The True Spirit of Halloween

I came across this photo series the other day when someone posted it on Facebook:

Halloween was so much WEIRDer back then

It’s a series of vintage Halloween photos from presumably the Depression-era (or thereabouts).   All of the costumes are home-spun and pretty damn creepy looking.  The folky and agrarian settings of the pictures really make me think of the “true meaning” of Halloween.    Sometimes it’s hard to think about the holiday’s deeper roots amidst the plastic Chinese-made costumes of mass-marketed superheroes and fun-sized Snickers bars, but I try to at least take note of the significance of the day one way or another.   Too many of our holidays have been watered down to the point where they don’t really mean much besides what you consume that day.  Come on,  “Turkey Day”, for fuck’s sake???

Anyways, in the British Isles Halloween (All Hallow’s Eve, Samhain, whatever) more or less marked the end of the growing season and about the midpoint between the autumn equinox and winter solstice, so roughly the beginning of the point of the year where nights are longer than the day.     It was like a day that straddles both life and death and a lot of folklore and traditions sprung up around this idea.    We could go on and on about the roots of the holiday, but I won’t.   It is very interesting though.

I always like to take note of the  seasonal significance of the day to our ancestors, even if these things don’t really matter as much to us today as they did then.  It’s nice to live in a place where you can observe the changes of the season and how life seems to hit a lull about now.   Birds migrate, leaves fall, plants die back, animals hibernate, etc.

Culturally, as someone of almost entirely descended from the British Isles as well as mostly rural America, I really think of the day as part of my personal cultural legacy as the holiday began across the pond and really caught on in America when it was brought over.   It’s distinctly British/Celtic, yet very American.     I think the Americana/Celtic aspect of Halloween is very cool and something that deserves a closer look.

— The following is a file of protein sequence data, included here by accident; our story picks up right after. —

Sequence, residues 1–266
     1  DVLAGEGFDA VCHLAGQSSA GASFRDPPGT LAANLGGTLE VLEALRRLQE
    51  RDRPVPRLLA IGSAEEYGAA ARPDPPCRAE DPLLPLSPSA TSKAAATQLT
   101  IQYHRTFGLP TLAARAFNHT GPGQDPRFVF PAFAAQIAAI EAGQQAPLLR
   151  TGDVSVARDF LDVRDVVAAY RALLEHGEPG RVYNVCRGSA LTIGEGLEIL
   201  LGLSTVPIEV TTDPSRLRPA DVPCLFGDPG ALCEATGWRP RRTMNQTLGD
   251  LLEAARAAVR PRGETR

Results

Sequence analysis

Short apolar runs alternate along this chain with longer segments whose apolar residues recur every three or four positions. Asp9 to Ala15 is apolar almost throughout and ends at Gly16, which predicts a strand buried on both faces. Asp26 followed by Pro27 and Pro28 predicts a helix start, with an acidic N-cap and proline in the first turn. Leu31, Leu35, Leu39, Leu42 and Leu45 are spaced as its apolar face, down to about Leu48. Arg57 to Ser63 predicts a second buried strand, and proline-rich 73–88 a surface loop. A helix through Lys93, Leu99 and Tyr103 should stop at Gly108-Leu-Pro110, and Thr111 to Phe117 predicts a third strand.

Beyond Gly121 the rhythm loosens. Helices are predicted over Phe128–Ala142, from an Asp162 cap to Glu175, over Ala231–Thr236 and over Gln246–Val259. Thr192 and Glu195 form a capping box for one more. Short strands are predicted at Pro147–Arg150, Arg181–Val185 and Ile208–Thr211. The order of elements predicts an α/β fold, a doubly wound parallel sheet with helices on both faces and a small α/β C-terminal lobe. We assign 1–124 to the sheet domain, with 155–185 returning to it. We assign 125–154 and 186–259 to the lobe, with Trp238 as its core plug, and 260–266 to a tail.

I always try to make a point to eat some of the foods that (in my head) would’ve been consumed hundreds of years ago during a seasonal feast.   Usually that’s something like lamb, roasted root vegetables or a Welsh cawl stew (which is lamb and root vegetables) and since I’m a sucker for pumpkin stuff, maybe pumpkin pie.    This year I’m thinking it’s going to be roasted goat leg, braised leeks and potatoes.

I have to work on Halloween, but I’ll probably celebrate tonight by taking the time to sit down and watch a good horror movie after I take my dogs out for the midnight stroll.  I don’t make enough time to sit still and watch TV much anymore, so that is a special treat sometimes.   I’m not sure what yet, but I really like the classics….

So yeah, I enjoy fun-sized candy bars and girls in revealing costumes as much as anyone, but I also like the traditional folky aspect of the holiday too.    I had a pretty good time with all the Halloween-related festivities this weekend:   A Descendents cover band, a band doing Misfits karaoke on Friday and then a band doing a Ramones set in costumes and one doing the Misfits on Saturday.     I never really got into the Misfits, but I’ll definitely agree that they’re a great Halloween band.   Oh yeah, and the girl I’ve been seeing in the cheerleader outfit was pretty nice too.

 

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